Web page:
METHODS: We conducted a 9-month, parallel, multiarm, cluster-randomised controlled trial in 31 rural villages in Kishoreganj District, Bangladesh. Villages were randomly allocated to: group sessions ('group'); alternating groups and home visits ('combined'); or a passive control arm. Sessions were delivered fortnightly by trained community members. The primary outcome was child stimulation (Family Care Indicators); the secondary outcome was child development (Ages and Stages Questionnaire Inventory, ASQi). Other outcomes included dietary diversity, latrine status, use of a child potty, handwashing infrastructure, caregiver mental health and knowledge of lead. Analyses were intention to treat. Data collectors were independent from implementers.
RESULTS: In July-August 2017, 621 pregnant women and primary caregivers of children<15 months were enrolled (group n=160, combined n=160, control n=301). At endline, immediately following intervention completion (July-August 2018), 574 participants were assessed (group n=144, combined n=149, control n=281). Primary caregivers in both intervention arms participated in more play activities than control caregivers (age-adjusted means: group 4.22, 95% CI 3.97 to 4.47; combined 4.77, 4.60 to 4.96; control 3.24, 3.05 to 3.39), and provided a larger variety of play materials (age-adjusted means: group 3.63, 3.31 to 3.96; combined 3.81, 3.62 to 3.99; control 2.48, 2.34 to 2.59). Compared with the control arm, children in the group arm had higher total ASQi scores (adjusted mean difference in standardised scores: 0.39, 0.15 to 0.64), while in the combined arm scores were not significantly different from the control (0.25, -0.07 to 0.54).
CONCLUSION: Our findings suggest that group-based, multicomponent interventions can be effective at improving child development outcomes in rural Bangladesh, and that they have the potential to be delivered at scale.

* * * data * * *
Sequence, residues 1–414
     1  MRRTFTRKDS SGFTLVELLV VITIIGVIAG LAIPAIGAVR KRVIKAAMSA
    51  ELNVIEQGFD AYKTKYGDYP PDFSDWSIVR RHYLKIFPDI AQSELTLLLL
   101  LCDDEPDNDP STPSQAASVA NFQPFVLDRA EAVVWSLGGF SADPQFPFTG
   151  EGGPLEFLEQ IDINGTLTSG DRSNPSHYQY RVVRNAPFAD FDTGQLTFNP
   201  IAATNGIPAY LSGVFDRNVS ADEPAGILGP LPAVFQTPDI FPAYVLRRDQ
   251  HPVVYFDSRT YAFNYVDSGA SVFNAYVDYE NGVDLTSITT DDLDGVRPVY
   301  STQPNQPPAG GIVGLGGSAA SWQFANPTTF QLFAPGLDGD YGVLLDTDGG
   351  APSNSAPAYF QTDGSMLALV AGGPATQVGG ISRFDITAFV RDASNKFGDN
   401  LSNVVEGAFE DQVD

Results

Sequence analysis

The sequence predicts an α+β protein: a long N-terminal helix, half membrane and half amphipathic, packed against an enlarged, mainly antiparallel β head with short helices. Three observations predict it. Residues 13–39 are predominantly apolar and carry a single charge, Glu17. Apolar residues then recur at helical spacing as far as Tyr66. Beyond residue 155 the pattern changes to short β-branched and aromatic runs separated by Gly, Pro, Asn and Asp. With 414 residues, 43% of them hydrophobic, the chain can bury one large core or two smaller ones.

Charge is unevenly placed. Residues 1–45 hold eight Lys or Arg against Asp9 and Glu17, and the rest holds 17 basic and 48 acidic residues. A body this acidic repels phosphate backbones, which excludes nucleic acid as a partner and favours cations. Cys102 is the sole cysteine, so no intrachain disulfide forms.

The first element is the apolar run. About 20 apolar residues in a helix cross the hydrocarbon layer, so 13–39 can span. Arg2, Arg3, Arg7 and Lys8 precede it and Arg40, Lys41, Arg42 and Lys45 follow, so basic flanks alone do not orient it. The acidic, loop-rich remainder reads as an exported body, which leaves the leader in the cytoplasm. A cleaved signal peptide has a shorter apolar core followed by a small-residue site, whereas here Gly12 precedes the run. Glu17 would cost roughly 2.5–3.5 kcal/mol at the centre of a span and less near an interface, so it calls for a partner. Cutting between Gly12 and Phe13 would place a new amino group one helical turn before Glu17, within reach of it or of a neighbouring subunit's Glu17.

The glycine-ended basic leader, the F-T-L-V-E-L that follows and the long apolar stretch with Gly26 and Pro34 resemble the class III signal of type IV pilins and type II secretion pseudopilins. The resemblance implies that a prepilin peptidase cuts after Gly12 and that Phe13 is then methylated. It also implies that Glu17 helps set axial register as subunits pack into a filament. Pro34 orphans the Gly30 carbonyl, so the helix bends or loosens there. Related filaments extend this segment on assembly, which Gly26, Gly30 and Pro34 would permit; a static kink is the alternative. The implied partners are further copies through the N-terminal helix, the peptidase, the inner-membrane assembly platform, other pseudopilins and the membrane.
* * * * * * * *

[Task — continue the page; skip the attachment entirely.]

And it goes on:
TRIAL REGISTRATION NUMBER: The trial is registered in ISRCTN (ISRCTN16001234).
BASIC RESEARCH DESIGN: Case-control clinical and questionnaire study in a cluster sample of 50 villages.
METHODS: A total of 3000 persons were screened for the presence of periodontitis using the CDC case definition in full mouth examination. Equal numbers of cases (604 persons with periodontitis) and controls (604 without periodontitis) were recruited and interviewed with a piloted questionnaire. Univariate and multivariate analysis estimated crude and adjusted odds ratios (aOR) respectively with 95% confidence limits.
RESULTS: Six factors were determined by multivariate analysis to predict periodontitis: education less than or equal to twelve years of schooling (aOR=2.51, 95% CI=1.18-5.34), alcohol consumption (aOR= 1.7, 95% CI=1.16-2.49), consuming a non-vegetarian diet (aOR=1.38, 95% CI=1.08-1.76), not drinking milk (aOR=1.7, 95% CI= 1.29-2.24), not using a toothbrush for cleaning of teeth (aOR=2.98, 95% CI =1.71-5.21) and not cleaning teeth at least once a day (aOR=2.13, 95% CI=1.58-2.87).
CONCLUSION: Risk factors for periodontitis in a rural Indian population were identified. Further studies should validate these findings and appropriate recommendations should be developed to decrease the prevalence and burden of periodontitis in this population.
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